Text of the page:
Geographical distribution of population density, residential density, crime rates, pedestrian accident rates, greenness, built-up density, intersection density, and land slope were summarized using both tables and choropleth maps across districts and subdistricts of Kerala. Choropleth map generation was done using sp package in R software version 3.6.1 (R Core Team, 2019). Correlation between these variables was also examined.
| Results|| |
Distribution of built environment variables – district-wise
The built environment variables were captured for districts and sub-districts, and geographical distribution of the same are shown in [Figure 1] and [Figure 2]. Thiruvananthapuram district was the most populous and had the highest density of housing units in the State. Crime rates were recorded to be the highest in Ernakulam and lowest in Malappuram districts. Pedestrian accident rates were reported to be highest in Kollam, whereas lowest rates were reported from Malappuram district. Ernakulam district had the highest built-up density and lowest greenness, while Kozhikode had the lowest built-up density, and Wayanad had the highest greenness. The most upper median land slope was found for Idukki, while the lowest was for Alappuzha district. Ernakulam was found to have the highest intersection density, while Idukki had the lowest number of road intersections per square kilometre.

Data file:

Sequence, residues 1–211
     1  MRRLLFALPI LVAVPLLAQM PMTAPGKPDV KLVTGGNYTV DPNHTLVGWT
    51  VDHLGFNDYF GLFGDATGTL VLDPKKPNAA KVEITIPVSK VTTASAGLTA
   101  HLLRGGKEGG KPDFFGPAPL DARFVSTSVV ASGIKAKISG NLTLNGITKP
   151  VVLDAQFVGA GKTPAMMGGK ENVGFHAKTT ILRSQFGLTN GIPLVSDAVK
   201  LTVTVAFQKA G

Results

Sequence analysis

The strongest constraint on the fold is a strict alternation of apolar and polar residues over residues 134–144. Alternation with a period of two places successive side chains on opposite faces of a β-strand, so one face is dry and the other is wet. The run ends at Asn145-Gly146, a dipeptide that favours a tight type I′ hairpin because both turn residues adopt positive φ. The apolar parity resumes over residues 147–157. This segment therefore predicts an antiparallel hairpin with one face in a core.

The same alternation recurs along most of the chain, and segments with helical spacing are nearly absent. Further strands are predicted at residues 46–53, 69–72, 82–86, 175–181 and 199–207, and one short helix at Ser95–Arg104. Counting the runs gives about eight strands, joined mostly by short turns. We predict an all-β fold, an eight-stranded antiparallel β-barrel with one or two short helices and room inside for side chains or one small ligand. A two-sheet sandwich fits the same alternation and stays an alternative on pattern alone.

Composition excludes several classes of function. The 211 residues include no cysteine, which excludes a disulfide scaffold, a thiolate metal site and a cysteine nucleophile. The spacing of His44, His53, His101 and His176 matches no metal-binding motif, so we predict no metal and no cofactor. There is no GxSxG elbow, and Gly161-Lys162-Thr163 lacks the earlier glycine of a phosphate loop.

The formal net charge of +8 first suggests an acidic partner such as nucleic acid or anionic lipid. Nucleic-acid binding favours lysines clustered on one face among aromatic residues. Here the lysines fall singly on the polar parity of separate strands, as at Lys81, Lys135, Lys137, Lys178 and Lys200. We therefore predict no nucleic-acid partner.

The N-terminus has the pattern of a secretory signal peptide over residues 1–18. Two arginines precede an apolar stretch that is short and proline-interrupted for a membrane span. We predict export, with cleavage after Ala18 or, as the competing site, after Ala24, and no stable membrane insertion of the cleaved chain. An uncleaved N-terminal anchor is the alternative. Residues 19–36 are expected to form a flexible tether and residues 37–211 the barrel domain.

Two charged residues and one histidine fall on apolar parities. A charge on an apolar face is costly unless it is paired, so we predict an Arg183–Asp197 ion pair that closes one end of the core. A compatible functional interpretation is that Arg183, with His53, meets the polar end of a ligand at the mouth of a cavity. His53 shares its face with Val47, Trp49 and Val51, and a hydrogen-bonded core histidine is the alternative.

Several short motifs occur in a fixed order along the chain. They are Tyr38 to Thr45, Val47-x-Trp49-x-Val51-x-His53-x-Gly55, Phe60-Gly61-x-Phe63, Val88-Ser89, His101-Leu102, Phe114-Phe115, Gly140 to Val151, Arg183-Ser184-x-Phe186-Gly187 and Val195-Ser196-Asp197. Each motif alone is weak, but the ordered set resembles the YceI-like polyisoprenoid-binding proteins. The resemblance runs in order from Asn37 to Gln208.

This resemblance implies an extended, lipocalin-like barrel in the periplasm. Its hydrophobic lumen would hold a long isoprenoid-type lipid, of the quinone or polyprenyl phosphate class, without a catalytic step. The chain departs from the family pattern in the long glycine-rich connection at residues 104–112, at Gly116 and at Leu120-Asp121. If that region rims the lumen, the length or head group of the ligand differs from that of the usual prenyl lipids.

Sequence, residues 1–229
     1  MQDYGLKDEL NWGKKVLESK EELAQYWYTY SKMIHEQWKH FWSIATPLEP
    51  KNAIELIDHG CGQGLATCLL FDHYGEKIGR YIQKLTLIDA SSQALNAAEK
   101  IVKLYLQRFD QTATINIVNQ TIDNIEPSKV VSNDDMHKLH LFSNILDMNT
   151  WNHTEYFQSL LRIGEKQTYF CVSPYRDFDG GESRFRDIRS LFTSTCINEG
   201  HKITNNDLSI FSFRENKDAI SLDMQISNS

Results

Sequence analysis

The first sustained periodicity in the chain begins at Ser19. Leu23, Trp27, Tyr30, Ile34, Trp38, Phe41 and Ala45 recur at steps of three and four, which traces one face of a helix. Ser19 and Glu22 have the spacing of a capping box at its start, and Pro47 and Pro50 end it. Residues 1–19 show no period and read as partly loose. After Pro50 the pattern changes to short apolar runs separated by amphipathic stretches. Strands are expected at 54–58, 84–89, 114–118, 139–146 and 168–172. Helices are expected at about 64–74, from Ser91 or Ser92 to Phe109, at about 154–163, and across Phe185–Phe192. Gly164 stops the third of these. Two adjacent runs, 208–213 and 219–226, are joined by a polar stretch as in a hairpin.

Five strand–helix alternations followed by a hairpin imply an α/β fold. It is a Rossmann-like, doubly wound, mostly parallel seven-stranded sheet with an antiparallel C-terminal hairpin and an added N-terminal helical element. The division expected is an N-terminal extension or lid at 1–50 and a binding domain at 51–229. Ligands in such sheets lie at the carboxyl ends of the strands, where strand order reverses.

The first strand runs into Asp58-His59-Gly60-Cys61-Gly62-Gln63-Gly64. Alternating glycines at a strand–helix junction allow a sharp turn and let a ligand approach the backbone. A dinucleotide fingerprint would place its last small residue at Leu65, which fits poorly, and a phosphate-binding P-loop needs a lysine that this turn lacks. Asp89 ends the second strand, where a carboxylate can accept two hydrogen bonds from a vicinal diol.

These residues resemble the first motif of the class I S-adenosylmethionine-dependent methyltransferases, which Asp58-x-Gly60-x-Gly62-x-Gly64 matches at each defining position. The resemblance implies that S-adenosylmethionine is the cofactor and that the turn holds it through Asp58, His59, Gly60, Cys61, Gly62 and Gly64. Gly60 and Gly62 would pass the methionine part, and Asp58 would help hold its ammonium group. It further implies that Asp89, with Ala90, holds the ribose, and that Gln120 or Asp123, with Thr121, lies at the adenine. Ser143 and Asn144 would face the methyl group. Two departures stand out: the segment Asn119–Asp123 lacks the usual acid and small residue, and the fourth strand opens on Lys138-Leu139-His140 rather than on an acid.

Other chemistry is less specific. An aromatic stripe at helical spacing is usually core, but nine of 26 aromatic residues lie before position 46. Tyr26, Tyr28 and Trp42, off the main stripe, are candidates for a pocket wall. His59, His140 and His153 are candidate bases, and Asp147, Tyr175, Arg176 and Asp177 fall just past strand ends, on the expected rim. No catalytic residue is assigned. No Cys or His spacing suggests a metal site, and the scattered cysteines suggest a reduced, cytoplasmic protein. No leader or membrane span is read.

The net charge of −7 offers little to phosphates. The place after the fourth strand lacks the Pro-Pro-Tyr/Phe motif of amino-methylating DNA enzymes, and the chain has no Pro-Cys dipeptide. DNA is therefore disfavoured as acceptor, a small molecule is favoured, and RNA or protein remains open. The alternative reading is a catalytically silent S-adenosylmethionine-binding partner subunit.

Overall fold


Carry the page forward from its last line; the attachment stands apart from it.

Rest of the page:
|Figure 1: Distribution of selected built environment variables across districts in Kerala (Source: Author generated).|
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|Figure 2: Distribution of selected built environment variables across sub-districts in Kerala (Source: Author generated).|
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Distribution of built environment variables – sub-district-wise
The highest land slope was in the Devikulam sub-district in Idukki, while the lowest was found to be in Aleppey sub-district in Alappuzha. Cochin subdistrict had the lowest greenness, while Ranni in Pathanamthitta recorded the highest. Kuttanad in Alappuzha recorded the lowest built-up density while the highest built index was recorded for Cochin in Ernakulam. Pirmed in Idukki was the least populous and had the lowest number of housing units per square kilometer while Cochin city recorded the highest population and residential density. Kanayanur and Cochin subdistricts in Ernakulam ranked lowest and highest, respectively, in crime and pedestrian accident rates. Intersection density was highest in Kanayanur and lowest in Ambalappuzha subdistricts.